Chances are though, that you will disagree with a lot of what they have said you did, or what happened, if not all of it. Often it will seem like you are talking about something completely different from what you experienced and will wonder which planet they are on. Try not to get annoyed, however annoying it may be! Calmly and respectfully let them know that this is not how you remembered it but you still appreciate them sharing with you. Here you are modelling how to disagree well. If you get annoyed with them because of what you perceive as the injustice of their lies, then you’re not actually communicating with them much better than how they responded to you when they felt a great injustice had been committed against them. Take the high road.

Use phrases like, “I feel….”, “I think…”. So you might say something like, “I think that our recollection of what happened is not the same. My recollection is that……”

Be sure to let them know how their behaviour made you feel. For example, “When you shouted at me I felt disrespected. I felt like you were not listening to me. I was frustrated because your behaviour was disrupting the class and being able to teach everyone is very important to me”.

Avoid “you” statements like the plague. “You” statements come across as aggressive and you telling them how it was and how they feel. The above ‘I’ example comes across far more constructively than a ‘you’ version: “You were being so disrespectful. You were not listening to me. Your behaviour was disrupting the class. You were disturbing everyone else and stopping me from being able to teach”. I guarantee the “you” version will cause the young person to mentally shut down, to disengage, “What does he/she know?”, or worse to get angry all over again.

Aside from ‘I’ rather than ‘you’ statements being good role-modelling of assertiveness, it also encourages further communication because they feel less ‘got at’ but you have still been able to get your point across. When you use ‘I’ statements, they are more likely to do the same. You both feel less ‘got at’ and more inclined to share constructively. If you start serving up ‘you’ statements, they are more likely to do the same and you both will come more entrenched in your positions and most likely get angrier and angrier and nothing ends up changing.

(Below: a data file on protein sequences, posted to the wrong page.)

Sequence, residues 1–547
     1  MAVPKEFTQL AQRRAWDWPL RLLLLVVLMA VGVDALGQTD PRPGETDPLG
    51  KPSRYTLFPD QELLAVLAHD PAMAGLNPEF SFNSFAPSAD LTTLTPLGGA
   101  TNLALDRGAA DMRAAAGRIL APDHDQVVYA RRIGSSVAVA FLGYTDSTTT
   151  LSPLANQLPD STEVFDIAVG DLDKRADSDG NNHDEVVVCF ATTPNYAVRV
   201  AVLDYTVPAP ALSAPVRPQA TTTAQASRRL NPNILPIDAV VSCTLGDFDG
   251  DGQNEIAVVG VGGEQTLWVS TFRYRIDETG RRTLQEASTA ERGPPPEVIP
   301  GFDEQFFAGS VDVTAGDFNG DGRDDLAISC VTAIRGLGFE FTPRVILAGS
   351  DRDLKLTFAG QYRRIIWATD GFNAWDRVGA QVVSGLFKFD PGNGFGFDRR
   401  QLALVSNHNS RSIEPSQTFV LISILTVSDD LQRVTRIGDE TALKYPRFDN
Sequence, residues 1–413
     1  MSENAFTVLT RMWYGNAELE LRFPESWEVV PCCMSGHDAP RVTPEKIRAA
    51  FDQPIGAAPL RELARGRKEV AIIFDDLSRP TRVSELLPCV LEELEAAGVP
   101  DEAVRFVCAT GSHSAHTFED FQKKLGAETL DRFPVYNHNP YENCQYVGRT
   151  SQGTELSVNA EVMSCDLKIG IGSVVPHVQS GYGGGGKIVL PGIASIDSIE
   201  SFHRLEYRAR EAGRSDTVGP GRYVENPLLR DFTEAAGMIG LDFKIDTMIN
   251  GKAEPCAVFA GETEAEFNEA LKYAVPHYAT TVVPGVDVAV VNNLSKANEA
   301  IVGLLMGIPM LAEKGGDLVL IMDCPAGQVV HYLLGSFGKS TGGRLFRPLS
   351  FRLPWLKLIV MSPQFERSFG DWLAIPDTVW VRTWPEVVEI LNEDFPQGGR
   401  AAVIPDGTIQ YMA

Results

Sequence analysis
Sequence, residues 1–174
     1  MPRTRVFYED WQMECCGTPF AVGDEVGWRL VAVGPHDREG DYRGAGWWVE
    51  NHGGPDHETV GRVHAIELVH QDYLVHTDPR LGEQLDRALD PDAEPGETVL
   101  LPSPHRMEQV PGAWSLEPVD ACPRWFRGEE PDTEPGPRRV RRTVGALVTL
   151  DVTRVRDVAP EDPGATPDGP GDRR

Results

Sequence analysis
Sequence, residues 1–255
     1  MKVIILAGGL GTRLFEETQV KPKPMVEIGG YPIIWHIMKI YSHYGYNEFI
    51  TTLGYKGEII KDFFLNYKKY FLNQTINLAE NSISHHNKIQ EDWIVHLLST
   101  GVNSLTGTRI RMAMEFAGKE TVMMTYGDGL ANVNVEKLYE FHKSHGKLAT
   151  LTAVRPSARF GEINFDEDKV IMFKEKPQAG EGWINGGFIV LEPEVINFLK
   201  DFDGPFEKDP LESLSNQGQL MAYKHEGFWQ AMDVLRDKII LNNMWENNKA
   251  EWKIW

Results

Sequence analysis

The golden nugget in ‘I’ statements is that you are showing your humanity, demonstrating that you are a human being with feelings. This is an important wake-up call for teens as you’d be amazed how much they forget this. It’s like they think us adults are robots and that’s why they can treat us so appallingly.

I get that you might be enormously disinclined to share with them, even just to say how their behaviour made you feel, after all which rabbit lies down and shows a fox its belly, but you must remember that you are not in fact the prey and they are not the predator. At the end of the day we are all humans, we all have feelings, we can all get it wrong but we can all fix it with a good bit of communication. Show them your humanity and you’ll find that they too are more inclined to show theirs. At the end of the day if we are to help them change then we need them to accept their humanness, including their flaws and there is no quicker way to get them to do this than to show them that we are humans too.